• 2014 until 2016: Raytheon makes a series of payments to DSS for “security studies” allegedly written by Raytheon themselves.
  • MarTwo consultants from DSS travelled under contract with the Qatari air force to California for a workshop about C4I solutions held by Raytheon as part of their sales pitch.
  • JulDSS consultants review a first C4I proposal from Raytheon.
  • An offer from a Raytheon-led consortium of companies is the only one received in the Qatari bid for the Falcon Project (a project that eventually did not move forward).
  • DecRaytheon received a 163 million USD contract from the U.S. army for training services to the Qatari air force for the patriot system.
  • NovDSS directors, Mohammed Al Mannai and Abdul Salam Abu-Issa, reach a settlement with the Qatari government to accept reduced fees for DSS services. In return, the Qatari government allegedly agreed to cease investigations into bribery.
  • MarRaytheon receives a 1.1 billion USD contract for building an A/N FPS-132 Block 5 Early Warning Radar system in Qatar.


Investigation Outcomes

  • The first SEC subpoena was handed to Raytheon for dealings of Thales-Raytheon Systems in a “middle eastern country”.
  • OctThe first DOJ criminal subpoena is filed, seeking information on contracts signed between 2011 and 2014.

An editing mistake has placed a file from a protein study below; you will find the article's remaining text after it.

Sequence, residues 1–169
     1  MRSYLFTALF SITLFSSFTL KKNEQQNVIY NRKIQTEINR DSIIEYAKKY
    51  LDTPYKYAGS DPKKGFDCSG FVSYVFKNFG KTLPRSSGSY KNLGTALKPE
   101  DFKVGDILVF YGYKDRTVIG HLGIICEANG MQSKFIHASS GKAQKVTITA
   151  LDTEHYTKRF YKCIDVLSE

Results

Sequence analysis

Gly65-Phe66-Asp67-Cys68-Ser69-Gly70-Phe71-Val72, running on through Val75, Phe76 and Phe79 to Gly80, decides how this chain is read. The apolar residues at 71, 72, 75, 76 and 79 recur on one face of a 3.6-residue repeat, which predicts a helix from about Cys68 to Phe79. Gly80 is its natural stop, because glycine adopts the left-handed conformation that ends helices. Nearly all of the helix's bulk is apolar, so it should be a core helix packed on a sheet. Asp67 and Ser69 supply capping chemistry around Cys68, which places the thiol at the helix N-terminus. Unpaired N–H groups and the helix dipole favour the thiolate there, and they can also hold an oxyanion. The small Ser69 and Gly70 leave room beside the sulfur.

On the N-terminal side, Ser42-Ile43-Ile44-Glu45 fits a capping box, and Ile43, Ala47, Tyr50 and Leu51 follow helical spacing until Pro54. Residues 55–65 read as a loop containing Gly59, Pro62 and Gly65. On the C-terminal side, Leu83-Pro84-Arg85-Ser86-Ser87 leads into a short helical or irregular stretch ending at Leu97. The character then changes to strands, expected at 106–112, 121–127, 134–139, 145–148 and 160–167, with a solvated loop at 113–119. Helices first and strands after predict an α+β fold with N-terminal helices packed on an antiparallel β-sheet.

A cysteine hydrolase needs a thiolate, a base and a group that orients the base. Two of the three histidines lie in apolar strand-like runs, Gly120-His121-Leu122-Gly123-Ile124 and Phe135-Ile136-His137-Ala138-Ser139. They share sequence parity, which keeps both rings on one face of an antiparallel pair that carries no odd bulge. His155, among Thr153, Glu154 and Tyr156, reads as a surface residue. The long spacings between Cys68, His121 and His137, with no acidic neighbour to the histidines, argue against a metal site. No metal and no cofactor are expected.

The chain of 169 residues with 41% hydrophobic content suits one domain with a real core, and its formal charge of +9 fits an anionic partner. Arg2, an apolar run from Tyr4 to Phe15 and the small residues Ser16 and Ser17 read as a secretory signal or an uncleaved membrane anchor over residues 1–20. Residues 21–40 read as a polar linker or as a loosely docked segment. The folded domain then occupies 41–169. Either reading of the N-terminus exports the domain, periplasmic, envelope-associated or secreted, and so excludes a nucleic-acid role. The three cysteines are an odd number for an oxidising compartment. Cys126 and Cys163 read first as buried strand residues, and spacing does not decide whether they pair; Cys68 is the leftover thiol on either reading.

• JanThree senior executives of Raytheon’s Missiles & Defense division leave the organization. No official reason is given.
  • MarThe second criminal subpoena is filed, seeking information on a contract signed in 2017.
  • Also in 2021, Raytheon puts aside 290 million USD for legal defense and liabilities relating to criminal investigations.



  • Tokar, Dylan. U.S. Probes Examine Raytheon’s Dealings With Qatari Defense Contractor, The Wall Street Journal, 2021.

  • Intelligence Online, DSS/Thales Raytheon case: Joaan Al Thani exposed, Intelligence Online, 2020.

  • Intelligence Online, Raytheon and Thales competition affected by legal spat involving Emir's brother, Intelligence Online, 2019.

  • Raytheon Technologies Corporation. Form 10-K, United States Securities And Exchange Commission, Washington, D.C., 2021.

  • Tarek Fouad against the state of Qatar, the United States District Court, California, 2019